Historically, it is observed that the small farmers in Bangladesh have high potential to grow more food in a sustainable manner, improve their livelihoods, and contribute to overall food security. However, the capacity of the small farmers is constrained by several factors such as insecure access to land, limited knowledge of improved technologies and management practices, and inadequate access to training, credit, extension, organisation, and marketing services. In view of the potentials, supporting small farmers could be one of the most effective ways to reduce poverty and hunger at the household level and improve food security at the household and national levels in Bangladesh.

Along with financial inclusion, this requires effective designing of investments and public policies for increasing technological, financial, and marketing support to small farmers to improve their productivity and overall food security. Since small farmers are characterised by smaller applications of capital but higher use of labour and other family owned inputs along with having a generally higher index of cropping intensity and diversification, their financial inclusion can play a powerful role in bringing both efficiency and equity gains as well as food and nutrition security.

For the purpose, public policies at the national level have to adequately recognise the multiple potential of the rural economy. The analytical underpinnings of the development strategy for Bangladesh must recognise the strong links of agriculture with other sectors and the wide possibility that productivity-induced agricultural expansion can pull other sectors with it, and increase economic activity and employment opportunities in the rural areas. While good infrastructure and functioning labour and other markets are important for rural areas, there is substantial scope for using an agricultural entry point approach for rural and overall development and poverty alleviation in Bangladesh. It is seen that, despite income diversification by rural households, households in the lowest expenditure categories have a larger share of agriculture in their total income than households in the higher income groups.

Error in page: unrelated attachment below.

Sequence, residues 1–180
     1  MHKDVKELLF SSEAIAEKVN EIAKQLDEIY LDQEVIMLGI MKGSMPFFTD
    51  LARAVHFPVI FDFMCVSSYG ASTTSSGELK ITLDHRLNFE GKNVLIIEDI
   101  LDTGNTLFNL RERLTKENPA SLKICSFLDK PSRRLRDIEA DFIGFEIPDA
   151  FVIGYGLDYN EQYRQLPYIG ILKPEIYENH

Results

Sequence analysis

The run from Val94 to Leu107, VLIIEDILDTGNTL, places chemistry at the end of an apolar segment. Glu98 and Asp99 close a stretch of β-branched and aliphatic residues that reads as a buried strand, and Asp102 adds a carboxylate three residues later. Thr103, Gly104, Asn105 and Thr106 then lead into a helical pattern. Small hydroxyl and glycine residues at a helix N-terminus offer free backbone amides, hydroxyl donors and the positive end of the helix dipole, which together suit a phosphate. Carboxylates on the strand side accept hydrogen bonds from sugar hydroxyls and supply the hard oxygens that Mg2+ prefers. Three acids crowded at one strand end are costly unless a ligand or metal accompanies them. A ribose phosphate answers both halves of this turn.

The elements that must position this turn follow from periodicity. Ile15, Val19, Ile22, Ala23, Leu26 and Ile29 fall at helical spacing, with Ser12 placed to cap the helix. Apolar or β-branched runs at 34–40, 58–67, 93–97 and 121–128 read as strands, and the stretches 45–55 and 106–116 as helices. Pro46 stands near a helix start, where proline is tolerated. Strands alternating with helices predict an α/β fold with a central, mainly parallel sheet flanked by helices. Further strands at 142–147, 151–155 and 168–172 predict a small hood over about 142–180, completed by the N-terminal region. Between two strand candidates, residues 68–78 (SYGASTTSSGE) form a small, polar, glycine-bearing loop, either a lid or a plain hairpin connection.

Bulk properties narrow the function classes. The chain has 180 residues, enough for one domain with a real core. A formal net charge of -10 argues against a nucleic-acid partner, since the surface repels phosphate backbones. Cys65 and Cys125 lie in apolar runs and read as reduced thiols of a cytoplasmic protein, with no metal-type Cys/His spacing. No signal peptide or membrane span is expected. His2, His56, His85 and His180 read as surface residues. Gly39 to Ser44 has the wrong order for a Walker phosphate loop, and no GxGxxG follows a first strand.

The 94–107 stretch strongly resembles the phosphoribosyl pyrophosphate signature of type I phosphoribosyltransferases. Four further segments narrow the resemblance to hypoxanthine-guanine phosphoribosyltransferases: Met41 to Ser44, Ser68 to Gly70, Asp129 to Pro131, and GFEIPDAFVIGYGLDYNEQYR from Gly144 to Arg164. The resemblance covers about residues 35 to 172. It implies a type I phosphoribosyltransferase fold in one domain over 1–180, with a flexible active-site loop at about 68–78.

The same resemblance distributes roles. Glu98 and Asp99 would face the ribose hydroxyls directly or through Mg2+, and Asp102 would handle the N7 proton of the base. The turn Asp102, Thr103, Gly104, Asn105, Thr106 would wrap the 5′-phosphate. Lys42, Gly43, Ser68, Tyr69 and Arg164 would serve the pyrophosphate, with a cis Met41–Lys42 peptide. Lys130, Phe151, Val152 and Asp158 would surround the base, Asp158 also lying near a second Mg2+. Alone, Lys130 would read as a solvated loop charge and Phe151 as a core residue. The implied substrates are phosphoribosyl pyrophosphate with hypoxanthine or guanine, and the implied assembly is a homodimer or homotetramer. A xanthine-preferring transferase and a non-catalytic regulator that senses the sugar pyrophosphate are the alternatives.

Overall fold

Further, it needs to be recognised that an unprecedented transformation of the agricultural sector is currently underway in Bangladesh. Growing per capita incomes are raising the demand for high value food products with greater emphasis on food quality and safety issues creating significant impact on the structure of food systems towards the spread of the modern food chains and consolidation of production, distribution and retail segments of food markets. The role of traditional supply chains is shrinking creating new anti-poverty entry points requiring new skills and capital.